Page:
sample emails to send advertisers, while others critiqued and improved
those samples, 2 and bloggers posted examples of letters. s3 A Sinclair
77. Steve Soto, supra note 38.
78. Sinclair Watch, supra note 42.
79. See, e.g., posting of Josh Marshall to Talking Points Memo, http://
www.talkingpointsmemo.com/archives/week-2004_l0_10.php (Oct. 11, 2004, 10:00 EDT)
[hereinafter Marshall, A Suggestion from a Reader].
80. Advertiser boycotts have often been used with such traditional regulation: "boycotts
usually try to induce their targets to adopt behavior that the government could have [and
sometimes "should have"] itself mandated." C. EDWIN BAKER, ADVERTISING AND A DEMOC-
RATIC PRESS 59 (2002).
81. See, e.g., Sinclair Broadcast Group Advertisers, Boycott, http://www.
boycottsbg.com/advertisers/default.aspx (last visited Oct. 9, 2005).
82. Posting of TommyG to Daily Kos, 1/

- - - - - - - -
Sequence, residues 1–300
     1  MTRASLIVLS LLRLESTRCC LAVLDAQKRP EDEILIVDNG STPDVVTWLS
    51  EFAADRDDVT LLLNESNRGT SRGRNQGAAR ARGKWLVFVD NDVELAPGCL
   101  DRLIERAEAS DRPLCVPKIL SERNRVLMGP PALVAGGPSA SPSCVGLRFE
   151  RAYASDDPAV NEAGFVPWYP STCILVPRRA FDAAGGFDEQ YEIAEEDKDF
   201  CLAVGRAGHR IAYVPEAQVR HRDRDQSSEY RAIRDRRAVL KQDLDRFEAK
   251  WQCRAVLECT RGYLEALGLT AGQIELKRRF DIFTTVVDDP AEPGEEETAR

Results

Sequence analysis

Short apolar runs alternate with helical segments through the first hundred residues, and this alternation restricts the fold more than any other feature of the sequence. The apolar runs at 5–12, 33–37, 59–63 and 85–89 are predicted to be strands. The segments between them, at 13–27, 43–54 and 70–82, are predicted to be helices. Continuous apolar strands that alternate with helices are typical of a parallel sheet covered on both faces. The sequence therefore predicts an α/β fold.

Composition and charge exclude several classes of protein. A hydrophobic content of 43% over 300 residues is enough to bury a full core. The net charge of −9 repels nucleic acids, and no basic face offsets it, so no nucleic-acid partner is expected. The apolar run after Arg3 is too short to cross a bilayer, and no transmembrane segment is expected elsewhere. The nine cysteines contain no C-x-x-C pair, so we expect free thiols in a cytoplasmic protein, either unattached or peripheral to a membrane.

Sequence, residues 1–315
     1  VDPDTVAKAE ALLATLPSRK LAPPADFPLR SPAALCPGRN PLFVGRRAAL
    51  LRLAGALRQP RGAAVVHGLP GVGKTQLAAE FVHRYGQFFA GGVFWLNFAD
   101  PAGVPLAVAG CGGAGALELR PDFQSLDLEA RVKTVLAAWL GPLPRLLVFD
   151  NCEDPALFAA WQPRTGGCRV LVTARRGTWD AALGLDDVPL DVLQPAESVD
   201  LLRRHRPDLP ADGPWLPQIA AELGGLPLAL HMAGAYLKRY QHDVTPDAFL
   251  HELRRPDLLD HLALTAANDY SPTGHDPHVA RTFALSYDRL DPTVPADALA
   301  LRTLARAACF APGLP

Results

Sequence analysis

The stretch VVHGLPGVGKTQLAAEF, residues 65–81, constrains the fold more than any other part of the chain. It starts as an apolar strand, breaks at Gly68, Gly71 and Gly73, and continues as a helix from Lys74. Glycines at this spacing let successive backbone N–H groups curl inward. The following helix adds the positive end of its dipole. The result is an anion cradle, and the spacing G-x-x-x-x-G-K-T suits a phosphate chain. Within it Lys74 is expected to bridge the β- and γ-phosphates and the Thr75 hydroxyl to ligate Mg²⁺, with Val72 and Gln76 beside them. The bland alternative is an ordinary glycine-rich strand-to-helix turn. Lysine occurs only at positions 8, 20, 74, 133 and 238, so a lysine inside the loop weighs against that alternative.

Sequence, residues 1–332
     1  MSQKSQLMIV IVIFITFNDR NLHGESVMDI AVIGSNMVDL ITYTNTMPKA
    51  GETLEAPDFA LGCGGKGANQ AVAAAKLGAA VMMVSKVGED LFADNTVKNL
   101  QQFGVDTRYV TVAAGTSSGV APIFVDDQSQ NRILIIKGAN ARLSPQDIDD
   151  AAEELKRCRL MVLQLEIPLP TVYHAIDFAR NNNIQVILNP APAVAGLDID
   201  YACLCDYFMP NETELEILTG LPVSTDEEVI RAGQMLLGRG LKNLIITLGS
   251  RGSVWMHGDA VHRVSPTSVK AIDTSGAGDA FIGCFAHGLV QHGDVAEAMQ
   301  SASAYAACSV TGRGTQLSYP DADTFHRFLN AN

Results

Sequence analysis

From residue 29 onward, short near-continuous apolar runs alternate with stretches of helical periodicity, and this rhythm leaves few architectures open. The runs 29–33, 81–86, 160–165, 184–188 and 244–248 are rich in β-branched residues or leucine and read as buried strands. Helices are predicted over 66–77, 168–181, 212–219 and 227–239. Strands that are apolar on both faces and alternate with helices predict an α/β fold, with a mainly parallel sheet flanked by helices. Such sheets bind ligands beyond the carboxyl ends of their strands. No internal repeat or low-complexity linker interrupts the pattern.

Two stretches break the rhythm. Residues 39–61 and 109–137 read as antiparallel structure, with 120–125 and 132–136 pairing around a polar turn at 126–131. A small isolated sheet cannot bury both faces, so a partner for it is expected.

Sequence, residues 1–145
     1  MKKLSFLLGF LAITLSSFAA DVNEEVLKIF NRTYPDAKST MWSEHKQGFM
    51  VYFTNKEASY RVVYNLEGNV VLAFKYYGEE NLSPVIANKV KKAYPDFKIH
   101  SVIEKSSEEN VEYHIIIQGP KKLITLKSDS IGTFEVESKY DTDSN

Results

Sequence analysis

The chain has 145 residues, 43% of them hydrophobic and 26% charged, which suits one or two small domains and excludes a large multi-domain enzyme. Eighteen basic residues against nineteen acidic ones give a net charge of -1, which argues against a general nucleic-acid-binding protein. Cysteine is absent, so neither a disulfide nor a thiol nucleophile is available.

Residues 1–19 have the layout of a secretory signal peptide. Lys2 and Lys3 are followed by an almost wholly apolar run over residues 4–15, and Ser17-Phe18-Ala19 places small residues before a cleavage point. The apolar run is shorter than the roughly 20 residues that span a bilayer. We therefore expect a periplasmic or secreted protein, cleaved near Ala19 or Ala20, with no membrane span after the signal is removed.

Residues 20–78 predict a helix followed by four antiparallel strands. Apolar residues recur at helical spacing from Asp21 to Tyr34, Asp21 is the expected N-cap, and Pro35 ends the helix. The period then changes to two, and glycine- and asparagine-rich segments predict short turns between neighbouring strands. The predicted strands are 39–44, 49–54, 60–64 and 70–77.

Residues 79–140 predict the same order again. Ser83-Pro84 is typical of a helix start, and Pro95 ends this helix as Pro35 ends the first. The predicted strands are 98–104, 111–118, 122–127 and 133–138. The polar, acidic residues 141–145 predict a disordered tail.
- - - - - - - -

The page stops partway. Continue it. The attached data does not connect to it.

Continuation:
63831/07 (Oct. 11, 2004, 19:15 PDT).
83. See, e.g., Sinclair Advertiser Boycott, Sample Letters, /
advertisers/SampleLetters.htm (last visited Nov. 15, 2005).
18 Michigan Telecommunications and Technology Law Review [Vol. 12:1
employee wrote a letter agreeing with BoycottSBG.com, which the site
posted for moral authority.84
In addition, lawyers volunteered to evaluate the advertisers' con-
tracts. They would confirm the advertisers had the rights to pull
advertising because many local advertisers were small business, appar-
ently without in-house counsel.8 5 The site gave minimal top-down
directions. For example, it gave suggestions on etiquette: "Please, please,
please be civil to the advertisers and their representatives. 86